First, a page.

• Alternaria dauci;
  • carrot;
  • chlorophyll;
  • Daucus carota;
  • disease bioassay;
  • leaf-spot disease;
  • somaclones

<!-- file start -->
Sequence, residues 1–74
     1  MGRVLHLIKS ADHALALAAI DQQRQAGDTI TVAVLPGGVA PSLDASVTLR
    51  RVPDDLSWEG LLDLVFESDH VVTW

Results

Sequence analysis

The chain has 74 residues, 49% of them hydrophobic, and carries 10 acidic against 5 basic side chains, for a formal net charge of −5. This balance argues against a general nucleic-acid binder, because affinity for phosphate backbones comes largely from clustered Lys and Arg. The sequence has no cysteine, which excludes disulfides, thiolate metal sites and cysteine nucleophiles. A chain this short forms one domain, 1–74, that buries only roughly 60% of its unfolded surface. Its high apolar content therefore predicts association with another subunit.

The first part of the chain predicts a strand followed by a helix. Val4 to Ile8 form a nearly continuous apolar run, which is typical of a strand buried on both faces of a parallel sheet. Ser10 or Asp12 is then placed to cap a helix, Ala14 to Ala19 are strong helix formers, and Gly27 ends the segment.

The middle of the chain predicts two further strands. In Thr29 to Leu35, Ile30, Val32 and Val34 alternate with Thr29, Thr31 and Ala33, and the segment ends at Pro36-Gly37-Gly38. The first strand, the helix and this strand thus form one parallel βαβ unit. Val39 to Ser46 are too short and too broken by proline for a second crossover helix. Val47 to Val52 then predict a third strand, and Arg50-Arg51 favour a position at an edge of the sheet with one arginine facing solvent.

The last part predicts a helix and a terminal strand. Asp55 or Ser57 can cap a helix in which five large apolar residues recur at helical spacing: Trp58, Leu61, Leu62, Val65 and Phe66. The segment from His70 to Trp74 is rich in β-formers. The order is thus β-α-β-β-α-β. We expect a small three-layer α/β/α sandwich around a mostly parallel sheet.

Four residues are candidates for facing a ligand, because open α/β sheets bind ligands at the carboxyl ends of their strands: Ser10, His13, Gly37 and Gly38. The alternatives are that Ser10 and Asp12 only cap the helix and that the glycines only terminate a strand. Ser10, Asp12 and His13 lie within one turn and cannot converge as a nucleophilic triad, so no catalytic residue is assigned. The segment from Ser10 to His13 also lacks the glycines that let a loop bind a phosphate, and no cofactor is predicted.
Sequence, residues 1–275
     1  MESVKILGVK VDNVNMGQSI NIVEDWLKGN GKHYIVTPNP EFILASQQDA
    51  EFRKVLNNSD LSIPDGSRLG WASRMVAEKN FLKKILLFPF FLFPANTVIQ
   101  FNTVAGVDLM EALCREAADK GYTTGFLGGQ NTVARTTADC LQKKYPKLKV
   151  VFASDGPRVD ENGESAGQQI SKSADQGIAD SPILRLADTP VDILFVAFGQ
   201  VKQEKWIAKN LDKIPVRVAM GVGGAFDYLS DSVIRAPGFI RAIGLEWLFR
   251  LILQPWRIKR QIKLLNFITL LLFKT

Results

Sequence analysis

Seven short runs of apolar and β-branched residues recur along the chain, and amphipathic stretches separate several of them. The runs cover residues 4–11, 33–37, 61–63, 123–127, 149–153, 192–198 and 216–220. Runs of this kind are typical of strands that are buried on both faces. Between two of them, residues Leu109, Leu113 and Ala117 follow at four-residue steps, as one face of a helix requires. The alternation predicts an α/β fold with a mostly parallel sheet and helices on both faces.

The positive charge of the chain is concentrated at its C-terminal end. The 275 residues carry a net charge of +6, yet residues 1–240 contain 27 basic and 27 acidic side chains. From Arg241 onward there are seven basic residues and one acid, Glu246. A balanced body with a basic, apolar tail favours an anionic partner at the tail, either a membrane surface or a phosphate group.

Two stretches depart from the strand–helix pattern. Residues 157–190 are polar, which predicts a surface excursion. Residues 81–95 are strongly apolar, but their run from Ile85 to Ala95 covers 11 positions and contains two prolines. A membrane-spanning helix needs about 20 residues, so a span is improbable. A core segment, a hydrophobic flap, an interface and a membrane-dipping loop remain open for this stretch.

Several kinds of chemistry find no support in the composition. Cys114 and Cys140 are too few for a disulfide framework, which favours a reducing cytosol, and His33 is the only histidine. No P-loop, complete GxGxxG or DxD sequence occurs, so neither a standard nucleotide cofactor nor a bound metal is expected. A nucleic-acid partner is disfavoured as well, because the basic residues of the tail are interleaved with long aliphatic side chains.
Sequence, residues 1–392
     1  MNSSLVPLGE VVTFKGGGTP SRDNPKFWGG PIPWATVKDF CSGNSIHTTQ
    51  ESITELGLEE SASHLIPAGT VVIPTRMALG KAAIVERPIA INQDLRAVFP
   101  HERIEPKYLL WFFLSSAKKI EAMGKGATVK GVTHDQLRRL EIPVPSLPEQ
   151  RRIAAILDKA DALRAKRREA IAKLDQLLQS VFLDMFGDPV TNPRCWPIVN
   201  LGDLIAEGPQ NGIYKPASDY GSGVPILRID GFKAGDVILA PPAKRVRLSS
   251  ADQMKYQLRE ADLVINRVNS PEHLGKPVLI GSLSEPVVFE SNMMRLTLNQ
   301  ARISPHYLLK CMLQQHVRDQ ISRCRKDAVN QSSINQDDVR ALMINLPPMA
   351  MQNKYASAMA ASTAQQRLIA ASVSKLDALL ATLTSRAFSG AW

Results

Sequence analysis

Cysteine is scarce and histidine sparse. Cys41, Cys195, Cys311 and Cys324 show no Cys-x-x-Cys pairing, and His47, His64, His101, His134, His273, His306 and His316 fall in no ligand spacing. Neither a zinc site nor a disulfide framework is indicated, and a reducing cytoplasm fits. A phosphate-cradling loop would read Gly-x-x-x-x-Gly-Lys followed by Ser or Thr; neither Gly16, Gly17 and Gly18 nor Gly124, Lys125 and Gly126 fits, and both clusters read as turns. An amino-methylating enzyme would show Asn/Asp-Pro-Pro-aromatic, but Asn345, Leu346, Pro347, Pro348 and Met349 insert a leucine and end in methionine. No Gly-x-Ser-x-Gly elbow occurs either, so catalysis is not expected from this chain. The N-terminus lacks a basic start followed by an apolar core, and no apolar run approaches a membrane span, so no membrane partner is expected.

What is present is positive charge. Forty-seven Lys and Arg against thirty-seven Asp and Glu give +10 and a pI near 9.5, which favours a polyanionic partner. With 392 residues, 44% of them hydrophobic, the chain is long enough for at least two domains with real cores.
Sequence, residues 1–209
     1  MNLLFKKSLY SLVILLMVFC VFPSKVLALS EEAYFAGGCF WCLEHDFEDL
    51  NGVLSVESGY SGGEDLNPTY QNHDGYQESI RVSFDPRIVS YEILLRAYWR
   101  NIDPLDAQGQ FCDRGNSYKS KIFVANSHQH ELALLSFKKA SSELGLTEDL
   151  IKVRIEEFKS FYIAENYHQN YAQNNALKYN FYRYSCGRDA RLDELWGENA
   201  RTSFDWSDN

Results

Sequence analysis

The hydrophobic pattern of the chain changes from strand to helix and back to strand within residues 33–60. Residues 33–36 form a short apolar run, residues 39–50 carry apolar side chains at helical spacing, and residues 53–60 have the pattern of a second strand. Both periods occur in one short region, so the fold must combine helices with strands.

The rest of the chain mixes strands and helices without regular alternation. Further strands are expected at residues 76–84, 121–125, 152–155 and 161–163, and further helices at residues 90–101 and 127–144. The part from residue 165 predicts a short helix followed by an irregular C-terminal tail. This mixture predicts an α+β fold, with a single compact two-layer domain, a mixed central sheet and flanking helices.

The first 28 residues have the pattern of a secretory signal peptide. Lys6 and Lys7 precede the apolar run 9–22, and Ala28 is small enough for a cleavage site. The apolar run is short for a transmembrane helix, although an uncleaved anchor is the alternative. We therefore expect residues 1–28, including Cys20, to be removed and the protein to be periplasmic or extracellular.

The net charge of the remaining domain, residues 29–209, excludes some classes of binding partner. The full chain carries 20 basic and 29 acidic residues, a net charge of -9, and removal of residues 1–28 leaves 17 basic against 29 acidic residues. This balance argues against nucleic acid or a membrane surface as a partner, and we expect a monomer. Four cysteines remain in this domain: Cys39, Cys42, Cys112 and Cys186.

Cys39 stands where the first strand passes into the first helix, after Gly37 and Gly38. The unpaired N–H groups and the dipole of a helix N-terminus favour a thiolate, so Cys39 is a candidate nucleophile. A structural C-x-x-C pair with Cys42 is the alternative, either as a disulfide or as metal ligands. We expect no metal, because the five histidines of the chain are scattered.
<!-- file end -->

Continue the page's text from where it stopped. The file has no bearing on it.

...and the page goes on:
Leaf spot of carrot, caused by the fungus Alternaria dauci, is a common disease of carrot throughout the world. To assess the disease response in different genotypes an in vitro method of assay has been developed. The terminal portion of excised mature leaves from carrot are incubated under lights at 25–26°C for 6 days with spores of A. dauci. After 6 days, chlorophyll and total soluble polyphenol contents of the leaves decline to a low level, whereas in the uninoculated control leaves levels of these compounds are largely unchanged. Electron microscope studies of the effect of infection on the ultrastructure of leaves from both cv. Fancy and wild plants show disintegration of the cell wall, plasmalemma and chloroplast membranes in the region close to the invading fungus. The response to A. dauci shows characteristics compatible with the presence of a phytotoxin.  Seedling hypocotyls of the carrot cv. Fancy are used as a source of explants to initiate callus tissue and regenerate embryos. Regenerant somaclone plants show variation in morphology (crown number, height, leaf number, leaf shape and flowering time) and susceptibility to the pathogen as measured by the loss in chlorophyll from infected detached leaves after a 6-day period. Potentially susceptible and resistant regenerant plants are identified by the low and high chlorophyll levels, respectively, in excised leaves 6 days after infection. Selected high- and low-chlorophyll regenerant plants and seedling-derived cv. Fancy are self-pollinated, then the seeds are used to produce a progeny generation, which is assessed for morphological changes and disease resistance as before. The response of leaves of progeny plants to infection shows that the plants derived from high-chlorophyll regenerants still show a higher chlorophyll level after infection compared with leaves derived from low-chlorophyll and control plants. High chlorophyll levels in the presence of infection in the progeny of high-chlorophyll regenerants suggest that the capacity to resist infection in the selected somaclones is inherited.